Claire Hanna asked for an update. Maddy McTernan, the head of HRT supply, updated the taskforce this week. We are making good progress. There is commercially sensitive information, which we cannot share, but manufacturers are stepping up to the plate to produce extra supplies. It is not about meeting the demand now. Demand will continue to grow, and we need to future-proof to ensure that we are not in the same situation in six months.
The prepayment certificate will also help. Women will no longer have to try to get a prescription for three or four months in order to keep the cost down. They will be able to get a monthly supply and not have to pay an increased cost for doing so. That will help manage supplies overall. We have also introduced three serious shortage protocols for the three products, so that we can manage the amount that is being dispensed and have better stock control. It will also give powers to pharmacists to give alternative products. That is not always ideal, because I know that some women notice instantly a difference in the effect of a drug, even if it is the same drug but with a change in manufacturer. It is not ideal, but it is helping us get through this acute period, and it will enable us to better control stocks in the longer term. We will be updating colleagues as we go through this, and Maddy and the team from BEIS have been helping us hugely with that.
The UK menopause taskforce that has been set up was one of the asks from Feryal Clark; it was not a Government suggestion. We agreed to it and have had our second meeting. There are four key areas where we want to make recommendations. Those include education—for women, men, boys and girls, and healthcare professionals too. The taskforce will also look at the workplace, health provision, and research into areas such as testosterone, where we need to be breaking some barriers.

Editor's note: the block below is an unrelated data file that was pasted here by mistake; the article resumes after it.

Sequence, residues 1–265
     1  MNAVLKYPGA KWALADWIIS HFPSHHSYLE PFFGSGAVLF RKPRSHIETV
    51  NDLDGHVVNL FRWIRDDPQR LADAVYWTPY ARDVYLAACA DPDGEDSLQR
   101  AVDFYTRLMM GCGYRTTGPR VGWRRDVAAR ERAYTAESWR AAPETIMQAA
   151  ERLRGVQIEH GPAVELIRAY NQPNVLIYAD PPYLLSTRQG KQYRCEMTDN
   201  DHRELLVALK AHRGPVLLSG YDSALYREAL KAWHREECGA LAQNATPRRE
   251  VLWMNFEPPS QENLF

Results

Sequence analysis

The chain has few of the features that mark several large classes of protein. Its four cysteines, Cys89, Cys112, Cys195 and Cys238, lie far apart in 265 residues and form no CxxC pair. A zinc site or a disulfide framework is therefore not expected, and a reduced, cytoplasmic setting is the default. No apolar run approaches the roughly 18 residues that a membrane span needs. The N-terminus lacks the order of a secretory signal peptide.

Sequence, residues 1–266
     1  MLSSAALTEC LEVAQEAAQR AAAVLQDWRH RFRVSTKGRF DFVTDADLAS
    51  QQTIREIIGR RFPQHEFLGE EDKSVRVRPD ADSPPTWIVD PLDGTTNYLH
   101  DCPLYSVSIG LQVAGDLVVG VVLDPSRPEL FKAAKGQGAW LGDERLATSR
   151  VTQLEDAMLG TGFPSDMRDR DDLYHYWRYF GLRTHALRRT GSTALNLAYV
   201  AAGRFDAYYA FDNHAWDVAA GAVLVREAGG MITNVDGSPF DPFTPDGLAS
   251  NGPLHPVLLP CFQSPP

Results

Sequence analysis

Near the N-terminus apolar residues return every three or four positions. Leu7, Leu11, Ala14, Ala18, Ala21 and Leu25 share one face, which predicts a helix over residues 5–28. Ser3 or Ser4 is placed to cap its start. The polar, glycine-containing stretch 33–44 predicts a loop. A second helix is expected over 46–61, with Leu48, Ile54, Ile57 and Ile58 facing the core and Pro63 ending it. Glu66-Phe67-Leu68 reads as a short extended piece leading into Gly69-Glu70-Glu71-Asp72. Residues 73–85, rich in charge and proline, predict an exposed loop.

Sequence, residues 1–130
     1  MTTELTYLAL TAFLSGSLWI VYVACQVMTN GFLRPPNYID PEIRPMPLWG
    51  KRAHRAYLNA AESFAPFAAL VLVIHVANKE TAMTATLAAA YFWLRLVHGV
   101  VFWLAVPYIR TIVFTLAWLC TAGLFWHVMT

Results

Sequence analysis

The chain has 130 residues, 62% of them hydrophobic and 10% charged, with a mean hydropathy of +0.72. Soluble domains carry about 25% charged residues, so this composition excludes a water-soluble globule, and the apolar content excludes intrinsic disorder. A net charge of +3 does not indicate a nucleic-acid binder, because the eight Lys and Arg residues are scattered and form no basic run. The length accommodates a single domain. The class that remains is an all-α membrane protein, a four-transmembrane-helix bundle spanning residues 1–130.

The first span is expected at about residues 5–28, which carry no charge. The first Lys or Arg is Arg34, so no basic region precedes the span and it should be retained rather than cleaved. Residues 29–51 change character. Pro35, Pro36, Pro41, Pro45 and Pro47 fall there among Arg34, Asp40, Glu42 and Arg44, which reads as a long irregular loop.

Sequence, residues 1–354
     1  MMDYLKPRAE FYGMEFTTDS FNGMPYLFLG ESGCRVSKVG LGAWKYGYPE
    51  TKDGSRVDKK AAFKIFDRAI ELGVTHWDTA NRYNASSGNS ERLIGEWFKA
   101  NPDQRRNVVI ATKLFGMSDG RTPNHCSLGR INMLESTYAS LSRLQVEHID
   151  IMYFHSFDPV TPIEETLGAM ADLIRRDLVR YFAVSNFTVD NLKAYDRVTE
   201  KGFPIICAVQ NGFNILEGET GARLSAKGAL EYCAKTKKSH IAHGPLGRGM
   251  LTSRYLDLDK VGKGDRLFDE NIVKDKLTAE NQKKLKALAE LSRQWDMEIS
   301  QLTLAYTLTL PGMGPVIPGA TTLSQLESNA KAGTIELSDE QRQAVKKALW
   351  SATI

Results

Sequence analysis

In the short time I have, I would like to touch on the workplace issue, which is crucial. One of the key things about the taskforce is that it is not just about health. We have a BEIS Minister and an employment Minister, and we are going to invite, as was suggested earlier, a Minister from Justice as well so that we reach out to all women affected by the menopause. I am really pleased that the civil service led the way this week when we signed Wellbeing of Women’s menopause workplace pledge. That will not just help women in the civil service who are going through the menopause it is to show other employers the sorts of small changes, such as the pink fan mentioned by Jim Shannon, that can make a big difference. It will also enable women and employers to feel confident to have those discussions at work. As my hon. Friend Nickie Aiken said, these women are in the prime of life. We have women with extraordinary experience and talent who we should be harnessing, not letting go.
We are really serious about improving GP training. It has been difficult for GPs to get that specialist advice and support, as this is a growing area, but the General Medical Council will be including the menopause as part of its licensing assessment, so it will be a core part of training. The NHS England menopause programme will be producing resources for all types of healthcare professionals so that we can make sure that people are trained.
I know I have to let the hon. Member for Swansea East come back in—